Heritage: An everyday struggle - the influence of the north to the global south

By Themba Mnguni, Assistance Commissioning Editor, SABC Formal Education - It is common knowledge that South Africa and Africa in its entirety is a culturaly rich and diverse nation. Traces of this argument can be linked to a period in history i.e. before, during and post colonization.

Most African cultures have been orthodoxical and dogmatic in their approach; in this sense culture would dictate and inform the behaviour of a man from a moment when he is born to the moment he dies. In this sense culture has always made behaviour of a man predictable and known one, to himself and the society as whole. Hence during history most African societies have been living in harmony with few to almost no forces of threat undermining social harmony, order and stability. I must say then life must have been nice.

However, the period of enlightenment, civilization and globalization has had impact on culture and the way we lid and conduct our lives as people of global south today. Critical studies on this argument have made been popular by scholars and critics of globalization leading to the proliferation of discourses such as de-westernization, cultural imperialism, neo-colonization and others.

The argument that this article tries to detail is that culture in not static, but flexible and subject to change. Also, that there is a question of power, influence and subjectivity that we as informed citizens need not to escape. A look to the left, right all we see is, self-hate, Americanization, McDonaldisation and Cocacolisation, in this midst the notion and discourse of Africanisation is missing. The latter part of the argument is often associated with negative stereotypes such as, strife, poverty, AIDS, rogues government, illiteracy and others.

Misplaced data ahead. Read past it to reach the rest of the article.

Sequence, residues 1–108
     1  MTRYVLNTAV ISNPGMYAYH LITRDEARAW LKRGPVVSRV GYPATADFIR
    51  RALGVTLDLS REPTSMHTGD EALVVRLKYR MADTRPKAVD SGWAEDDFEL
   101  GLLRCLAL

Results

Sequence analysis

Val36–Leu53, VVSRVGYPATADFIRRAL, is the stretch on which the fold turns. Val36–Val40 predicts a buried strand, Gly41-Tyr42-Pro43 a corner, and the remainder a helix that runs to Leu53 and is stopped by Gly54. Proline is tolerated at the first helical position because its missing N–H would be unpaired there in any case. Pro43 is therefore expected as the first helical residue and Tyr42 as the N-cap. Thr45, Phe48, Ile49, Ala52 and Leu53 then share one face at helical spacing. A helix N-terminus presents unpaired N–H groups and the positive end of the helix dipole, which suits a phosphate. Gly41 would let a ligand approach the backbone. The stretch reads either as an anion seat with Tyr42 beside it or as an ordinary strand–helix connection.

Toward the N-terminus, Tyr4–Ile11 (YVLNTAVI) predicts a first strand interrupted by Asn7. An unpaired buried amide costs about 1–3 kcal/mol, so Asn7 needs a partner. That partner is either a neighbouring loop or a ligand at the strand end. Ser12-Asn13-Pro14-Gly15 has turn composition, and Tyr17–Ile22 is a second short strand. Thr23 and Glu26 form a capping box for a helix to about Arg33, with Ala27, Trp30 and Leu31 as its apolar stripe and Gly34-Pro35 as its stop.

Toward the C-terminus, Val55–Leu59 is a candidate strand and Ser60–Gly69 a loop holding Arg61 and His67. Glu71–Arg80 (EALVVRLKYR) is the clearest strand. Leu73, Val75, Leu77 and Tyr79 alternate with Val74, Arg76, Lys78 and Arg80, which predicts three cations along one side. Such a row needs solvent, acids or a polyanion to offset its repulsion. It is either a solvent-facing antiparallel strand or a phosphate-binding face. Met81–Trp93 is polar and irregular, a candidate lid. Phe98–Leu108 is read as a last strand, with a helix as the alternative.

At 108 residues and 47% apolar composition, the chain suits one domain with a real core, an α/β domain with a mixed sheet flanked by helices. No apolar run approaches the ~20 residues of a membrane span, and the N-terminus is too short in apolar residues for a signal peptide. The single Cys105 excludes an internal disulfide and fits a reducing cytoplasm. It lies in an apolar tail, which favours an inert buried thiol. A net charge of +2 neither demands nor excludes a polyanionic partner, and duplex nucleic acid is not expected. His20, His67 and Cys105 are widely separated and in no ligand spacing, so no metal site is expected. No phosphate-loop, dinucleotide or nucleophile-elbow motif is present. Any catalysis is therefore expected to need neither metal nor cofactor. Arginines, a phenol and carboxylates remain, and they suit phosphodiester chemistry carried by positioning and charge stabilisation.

Indeed the flow of culture and its representation in the global system is and has not been on our favour as the people of the south. We can no longer hold the blame to the west/ north for the death of our culture, its identity and representation in the system.

We people of the south need to take an active stand in defending, promoting and protecting our culture and its value from ourselves and others. With public broadcasters such as the SABC the war can be won. African public broadcasters need to invest resources in the acquisition of African content and promotion of local talent and heritage.

The state need to play an active role as well and embed on the national calendar days of cultural significance as such is the case in SA. In South Africa the 24th of September is a very important day. The day is made vibrant by South Africans, celebrating and symbolizing their ethical cultures through traditional cooks, clothing, language, dance and music, this is across different race, class and ethnic groups. In my view the day marks the element of resistance to western imperialisation and its forms.

Also, in retaining our heritage, the focus need not only be on the state and media alone. Private/ individual citizens also need to play a proactive role in enforcing and promoting our heritage within their private social space. Social movements need to contribute to the agenda as well through advocacy, education and litigation.

As I end, it is important that we honour and celebrate our heritage and source more information about our identity and being as the nation from older generations and other sources of information. Let not our global identity define and override our social identity. Instead of glolocalisation, we should opt for loglocalisation.

Let us treasure who we are and take pride in our diverse heritage. May the Braai day be pleasing to all, across spectrums of race, class and gender! 

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